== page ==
The first time I visited Barcelona I was just 15 years old. The only thing I cared about was skateboarding. So I skated everywhere, hunting down the best skate spots in town and dragged my poor Dad with me.
I had the best time ever.
It wasn’t until my second visit in 2011 that I realised the best way to experience the awesome city of Barcelona is actually by bike.
This time I was travelling solo and only had 3 days to see sights like Park Güell, Sagrada Familia, Casa Milá, Camp Nou and the Gothic Quarter. With no skateboard to get me from A to B, choosing to see Barcelona by bike was a no brainer.
Why you should see Barcelona by bike
Barcelona city centre is vast, so walking between the popular sights can be exhausting and time-consuming. Inevitably, you’ll need to take the city’s Metro at some point but on a beautiful day the last place you’ll want to be is the stuffy, overcrowded and predictably sweltering underground network of tunnels.
Cycling is not only a more attractive and less stressful alternative, but is also eco-friendly and healthier too. These days, bike rental in Barcelona couldn’t be easier. It’s as simple as booking online, choosing a pick-up point, turning up more or less on time and collecting your bike.
Where to go in Barcelona by bike
Whether you’d rather stick to flat terrain in the city centre, escape to the beach or push your way up the hill to Park Güell, cycling in Barcelona is a great way to get around. Here are 5 spots you shouldn’t miss!
Where better to start a cycling tour of Barcelona than the centre? The famous Gothic Quarter, or Barri Gòtic as it is called in Catalan, draws hundreds of visitors for its quirky art, unique ambience and of course marvellous medieval architecture. It was in fact in the Gothic Quarter – in a hidden courtyard along Carrer del Paradís – where Barcelona, which now spans 101.9km², was supposedly founded.
There you can see the remains of the Temple of Augustus, ancient palaces, authentic food markets and the old Jewish quarter. Barri Gòtic is also home to Joan Fontcuberta’s Kiss – a large street art piece made up by 4000 pictures from locals expressing their idea of freedom. It’s this sort of urban art that the barrio has become known for.
The Poblenou area, north of the city centre by the beach, is another popular quarter for discovering Catalan history and culture. It’s also perfect to explore by bike. Old but restored textile mills offer a fascinating insight into the city’s industrial heritage and architecture, while many derelict factories awaiting redevelopment have been transformed by some of Barcelona’s most talented street artists.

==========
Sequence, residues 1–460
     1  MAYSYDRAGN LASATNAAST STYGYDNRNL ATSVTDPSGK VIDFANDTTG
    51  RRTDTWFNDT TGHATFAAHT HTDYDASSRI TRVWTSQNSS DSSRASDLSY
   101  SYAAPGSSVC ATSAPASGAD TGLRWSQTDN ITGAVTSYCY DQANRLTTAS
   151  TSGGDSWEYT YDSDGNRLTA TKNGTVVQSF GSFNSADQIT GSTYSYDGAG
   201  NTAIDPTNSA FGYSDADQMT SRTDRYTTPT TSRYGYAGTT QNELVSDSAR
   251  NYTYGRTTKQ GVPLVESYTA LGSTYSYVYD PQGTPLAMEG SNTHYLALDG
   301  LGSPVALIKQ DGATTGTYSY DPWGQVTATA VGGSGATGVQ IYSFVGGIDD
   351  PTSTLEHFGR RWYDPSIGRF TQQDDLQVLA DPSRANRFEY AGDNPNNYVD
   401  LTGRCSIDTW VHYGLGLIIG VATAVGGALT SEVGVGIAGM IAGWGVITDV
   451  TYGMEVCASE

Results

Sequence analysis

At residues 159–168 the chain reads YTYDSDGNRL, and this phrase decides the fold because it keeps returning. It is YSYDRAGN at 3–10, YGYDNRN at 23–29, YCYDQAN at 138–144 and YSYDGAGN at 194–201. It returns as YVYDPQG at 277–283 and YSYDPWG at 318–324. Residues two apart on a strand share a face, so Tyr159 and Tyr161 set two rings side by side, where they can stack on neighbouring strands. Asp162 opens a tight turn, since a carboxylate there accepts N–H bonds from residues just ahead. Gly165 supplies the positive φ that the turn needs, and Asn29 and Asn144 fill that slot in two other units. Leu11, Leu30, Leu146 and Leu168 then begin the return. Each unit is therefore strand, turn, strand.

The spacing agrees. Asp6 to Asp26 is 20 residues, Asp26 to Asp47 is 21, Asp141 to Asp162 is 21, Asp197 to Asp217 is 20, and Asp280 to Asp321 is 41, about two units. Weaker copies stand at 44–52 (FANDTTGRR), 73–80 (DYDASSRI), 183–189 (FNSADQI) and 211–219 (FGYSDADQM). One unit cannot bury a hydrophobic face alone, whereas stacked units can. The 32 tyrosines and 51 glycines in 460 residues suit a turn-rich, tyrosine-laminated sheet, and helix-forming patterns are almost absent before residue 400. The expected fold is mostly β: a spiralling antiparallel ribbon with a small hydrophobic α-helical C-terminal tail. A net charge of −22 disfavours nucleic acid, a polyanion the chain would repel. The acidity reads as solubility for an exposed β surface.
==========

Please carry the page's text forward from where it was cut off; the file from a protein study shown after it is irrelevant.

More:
This post about graffiti in Poblenou by Barcelona Lowdown shows off some of the best pieces and even pinpoints them on a Google map so you can locate them using GPS.
Barcelona’s famous Parc de la Ciutadella is so-called due the military citadel that once stood in its place. As Barcelona’s biggest and greenest park, it is perfect for exploring by bike. With its own waterfall, lake, zoo, music kiosk, plant house, glass house, castle and even parliament building, there is no shortage of sights to see!
It’s worth making a day trip out of – or at least an afternoon – since the park is so beautiful. On a sunny, cloudless day you probably won’t want to leave. Take a picnic and if you can find somewhere to lock your bike you could even rent a rowing boat to enjoy on the lake.
If you’re prepared to break a sweat then head up to Tibidabo for some fresh mountain air and the best panoramic view of Barcelona. It’s quite the challenge, so you’ll need to be in reasonably good shape and stock up on water and snacks!
On the way up you can call in at the amazing Sarrià Market to refuel, or the stunning natural park of Collserola, where you can take a pick of bicycle trails to venture on. The return trip makes for a hair-raising experience so make sure your brakes can be relied upon!
Rental companies like donkey.bike provide top quality bikes and plenty of pick-up/service points across the city.
If some beach action and beautiful waterfront scenery is on your agenda, there’s nowhere better to relax in Barcelona than La Barceloneta. Beyond the packed beach and hectic, modernised promenade, you can still find the old fishing village feel that La Barceloneta was once known for.
After you’re done exploring you could take your rental bike to one of the many chiringuitos scattered along the beach where you can quench your thirst and fill up on bar snacks. Or, if you’re not limited by a budget, you could treat yourself to some excellent seafood at one of the top restaurants on Passeig Joan de Borbon.
Have I missed anywhere? Where else is great for cycling in Barcelona? Liked this article? Subscribe in the sidebar to receive posts direct to your inbox! 🙂